There was a degree of frivolity in how I wrote the original post. The terms were chosen with at least half an eye on a cheap laugh, but there remained a serious intent beneath it. Originally, I had only the central four categories, appropriation, interaction, borrowing, and stealing; I added the others (retellings, allusion, and ghosting) as I developed the ideas (for a summary of the meanings of these terms, see Fig. 1.1). I put the paper out quickly on my blog in the spirit of sharing discussion, and to put down a marker that this was a field I was interested in. I then proceeded to completely ignore this model in almost everything I have written since – it certainly does not appear in my own later methodological pieces.11 Nevertheless, without my realizing it, the post became widely cited, largely because no one else had even attempted to theorize in this area.12
As noted above, in the intervening period there have been a number of surveys of the field, with greater or lesser degrees of theorizing.13 What I learn most from these pieces is that the field is vast and can accommodate a number of different approaches, whether that be Brown’s genre-based study or Nisbet’s engagement with the idea that popular perceptions of antiquity are extremely difficult for scholars to get moved on in the light of new academic thinking. I have also contributed some generalist pieces.14
Coming back to my own schema twelve years later, how do I feel it stands up? It is evidently the product of someone who had read very little in the way of literary or reception theory. There is reference to Martindale, but this was written before I had read Redeeming the Text; Hardwick’s Reception Studies is only mentioned in a note.15 I would not write in quite such naïve terms now.16 I would certainly address more the ideas of Martindale (see below) and Hardwick, noting that the reception vocabulary she devises almost all relates to active and serious engagement with an ancient source.17 There is litt...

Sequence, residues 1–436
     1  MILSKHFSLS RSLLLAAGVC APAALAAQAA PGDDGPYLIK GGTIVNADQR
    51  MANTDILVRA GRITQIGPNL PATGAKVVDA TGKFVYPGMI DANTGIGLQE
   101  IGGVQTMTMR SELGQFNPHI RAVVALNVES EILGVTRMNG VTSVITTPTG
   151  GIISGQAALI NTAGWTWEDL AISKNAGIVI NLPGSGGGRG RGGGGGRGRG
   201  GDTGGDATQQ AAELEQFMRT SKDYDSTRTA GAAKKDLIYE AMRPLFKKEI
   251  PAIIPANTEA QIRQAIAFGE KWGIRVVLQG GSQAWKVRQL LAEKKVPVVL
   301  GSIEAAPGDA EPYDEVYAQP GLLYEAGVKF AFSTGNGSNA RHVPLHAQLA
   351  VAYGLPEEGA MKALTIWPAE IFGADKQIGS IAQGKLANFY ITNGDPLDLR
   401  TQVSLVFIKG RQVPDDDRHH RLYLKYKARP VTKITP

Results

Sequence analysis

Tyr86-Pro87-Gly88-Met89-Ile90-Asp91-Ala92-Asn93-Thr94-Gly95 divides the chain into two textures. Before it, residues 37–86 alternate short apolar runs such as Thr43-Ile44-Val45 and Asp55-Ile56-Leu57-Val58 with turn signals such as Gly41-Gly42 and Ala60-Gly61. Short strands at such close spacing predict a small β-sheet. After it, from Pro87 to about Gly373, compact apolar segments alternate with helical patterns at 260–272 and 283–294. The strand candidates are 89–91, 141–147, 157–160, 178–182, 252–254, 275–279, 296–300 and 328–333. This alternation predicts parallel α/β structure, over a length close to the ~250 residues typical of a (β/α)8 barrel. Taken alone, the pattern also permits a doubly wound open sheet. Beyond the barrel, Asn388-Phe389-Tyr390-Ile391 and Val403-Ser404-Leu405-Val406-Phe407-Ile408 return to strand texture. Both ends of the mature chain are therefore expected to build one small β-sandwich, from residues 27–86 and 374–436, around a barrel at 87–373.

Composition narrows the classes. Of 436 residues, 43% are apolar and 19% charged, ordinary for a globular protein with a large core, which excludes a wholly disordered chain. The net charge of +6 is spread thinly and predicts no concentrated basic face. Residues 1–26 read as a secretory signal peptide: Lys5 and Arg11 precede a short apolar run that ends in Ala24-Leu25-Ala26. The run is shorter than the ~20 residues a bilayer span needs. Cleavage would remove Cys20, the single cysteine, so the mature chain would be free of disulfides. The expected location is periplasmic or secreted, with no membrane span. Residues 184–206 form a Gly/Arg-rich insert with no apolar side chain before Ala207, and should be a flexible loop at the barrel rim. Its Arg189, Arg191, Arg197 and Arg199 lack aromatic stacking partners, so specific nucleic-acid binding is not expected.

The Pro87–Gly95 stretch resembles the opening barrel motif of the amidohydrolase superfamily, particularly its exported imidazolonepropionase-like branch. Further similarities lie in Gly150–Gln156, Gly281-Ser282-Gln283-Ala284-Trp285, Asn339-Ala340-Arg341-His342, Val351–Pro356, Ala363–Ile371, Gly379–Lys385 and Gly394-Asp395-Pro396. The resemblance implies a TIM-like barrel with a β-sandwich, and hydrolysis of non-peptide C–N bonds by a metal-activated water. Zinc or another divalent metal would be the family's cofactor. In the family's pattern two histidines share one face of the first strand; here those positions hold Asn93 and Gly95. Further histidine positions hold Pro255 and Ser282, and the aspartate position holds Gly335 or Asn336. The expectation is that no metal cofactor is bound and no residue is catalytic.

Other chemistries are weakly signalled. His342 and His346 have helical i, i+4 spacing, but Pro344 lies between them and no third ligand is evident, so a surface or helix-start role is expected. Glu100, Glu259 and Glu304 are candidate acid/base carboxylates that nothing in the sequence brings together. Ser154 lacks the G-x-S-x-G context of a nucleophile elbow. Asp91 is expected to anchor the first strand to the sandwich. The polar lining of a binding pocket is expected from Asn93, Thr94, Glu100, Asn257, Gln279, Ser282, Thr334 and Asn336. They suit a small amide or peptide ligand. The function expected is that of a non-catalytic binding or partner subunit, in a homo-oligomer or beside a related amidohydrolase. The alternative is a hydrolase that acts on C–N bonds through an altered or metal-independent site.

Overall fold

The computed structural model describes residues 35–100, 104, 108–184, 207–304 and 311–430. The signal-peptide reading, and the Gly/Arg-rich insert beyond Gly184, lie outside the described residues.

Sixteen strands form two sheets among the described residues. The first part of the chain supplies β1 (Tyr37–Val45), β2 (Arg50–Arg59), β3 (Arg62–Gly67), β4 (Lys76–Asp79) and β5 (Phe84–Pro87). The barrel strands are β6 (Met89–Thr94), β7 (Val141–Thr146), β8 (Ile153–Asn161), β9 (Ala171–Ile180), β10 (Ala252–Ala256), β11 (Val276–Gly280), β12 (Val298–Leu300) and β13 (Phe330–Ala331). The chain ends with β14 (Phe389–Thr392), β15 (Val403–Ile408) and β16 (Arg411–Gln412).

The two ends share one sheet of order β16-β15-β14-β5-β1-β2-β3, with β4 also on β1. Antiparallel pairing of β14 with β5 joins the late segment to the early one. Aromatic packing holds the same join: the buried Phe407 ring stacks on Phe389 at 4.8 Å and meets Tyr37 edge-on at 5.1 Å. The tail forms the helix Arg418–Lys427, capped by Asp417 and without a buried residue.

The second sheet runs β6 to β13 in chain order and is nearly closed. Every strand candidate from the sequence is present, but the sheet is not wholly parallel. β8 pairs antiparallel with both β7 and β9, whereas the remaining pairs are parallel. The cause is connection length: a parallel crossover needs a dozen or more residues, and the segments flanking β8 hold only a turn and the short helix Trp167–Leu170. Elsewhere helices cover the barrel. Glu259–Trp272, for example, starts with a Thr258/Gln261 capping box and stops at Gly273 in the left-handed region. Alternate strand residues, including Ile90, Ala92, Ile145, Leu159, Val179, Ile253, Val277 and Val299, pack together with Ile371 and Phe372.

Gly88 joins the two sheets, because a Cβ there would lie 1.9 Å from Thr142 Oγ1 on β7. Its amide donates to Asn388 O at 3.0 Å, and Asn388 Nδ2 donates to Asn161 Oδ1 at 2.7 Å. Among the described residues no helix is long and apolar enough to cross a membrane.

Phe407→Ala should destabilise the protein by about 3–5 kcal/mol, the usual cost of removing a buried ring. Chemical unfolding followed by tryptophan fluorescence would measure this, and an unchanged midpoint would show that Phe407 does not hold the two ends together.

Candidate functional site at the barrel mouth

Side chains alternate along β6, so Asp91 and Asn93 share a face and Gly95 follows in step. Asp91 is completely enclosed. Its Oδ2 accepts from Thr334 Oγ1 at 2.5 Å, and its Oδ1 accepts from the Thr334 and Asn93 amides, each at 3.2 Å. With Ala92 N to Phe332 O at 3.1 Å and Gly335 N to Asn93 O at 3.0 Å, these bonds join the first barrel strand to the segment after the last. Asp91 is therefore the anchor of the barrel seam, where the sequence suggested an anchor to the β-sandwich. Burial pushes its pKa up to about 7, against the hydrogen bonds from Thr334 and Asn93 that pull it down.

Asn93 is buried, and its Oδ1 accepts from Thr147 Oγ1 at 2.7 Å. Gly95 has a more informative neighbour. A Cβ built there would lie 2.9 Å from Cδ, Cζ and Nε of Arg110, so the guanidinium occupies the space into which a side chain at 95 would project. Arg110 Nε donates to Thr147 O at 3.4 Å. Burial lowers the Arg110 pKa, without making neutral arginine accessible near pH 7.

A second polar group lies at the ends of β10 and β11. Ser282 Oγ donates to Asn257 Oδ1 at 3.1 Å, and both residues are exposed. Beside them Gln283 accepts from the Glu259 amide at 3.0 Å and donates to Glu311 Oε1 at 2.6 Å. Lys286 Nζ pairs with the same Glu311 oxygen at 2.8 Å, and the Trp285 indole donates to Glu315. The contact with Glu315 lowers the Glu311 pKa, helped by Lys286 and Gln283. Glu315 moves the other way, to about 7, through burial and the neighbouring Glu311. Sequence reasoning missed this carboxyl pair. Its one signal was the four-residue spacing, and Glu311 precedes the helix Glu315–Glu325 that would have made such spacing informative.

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Citation styles for Once and Future Antiquities in Science Fiction and Fantasy
APA 6 Citation
[author missing]. (2018). Once and Future Antiquities in Science Fiction and Fantasy (1st ed.; B. Rogers & B. E. Stevens, Eds.). Bloomsbury Publishing. Retrieved from https://www.perlego.com/book/858734/once-and-future-antiquities-in-science-fiction-and-fantasy-pdf (Original work published 2018)
Chicago Citation
[author missing]. (2018) 2018. Once and Future Antiquities in Science Fiction and Fantasy. Edited by Brett Rogers and Benjamin Eldon Stevens. 1st ed. Bloomsbury Publishing. https://www.perlego.com/book/858734/once-and-future-antiquities-in-science-fiction-and-fantasy-pdf.
Harvard Citation
[author missing] (2018) Once and Future Antiquities in Science Fiction and Fantasy. 1st edn. Edited by B. Rogers and B. E. Stevens. Bloomsbury Publishing. Available at: https://www.perlego.com/book/858734/once-and-future-antiquities-in-science-fiction-and-fantasy-pdf (Accessed: 14 October 2022).
MLA 7 Citation
[author missing]. Once and Future Antiquities in Science Fiction and Fantasy. Ed. Brett Rogers and Benjamin Eldon Stevens. 1st ed. Bloomsbury Publishing, 2018. Web. 14 Oct. 2022.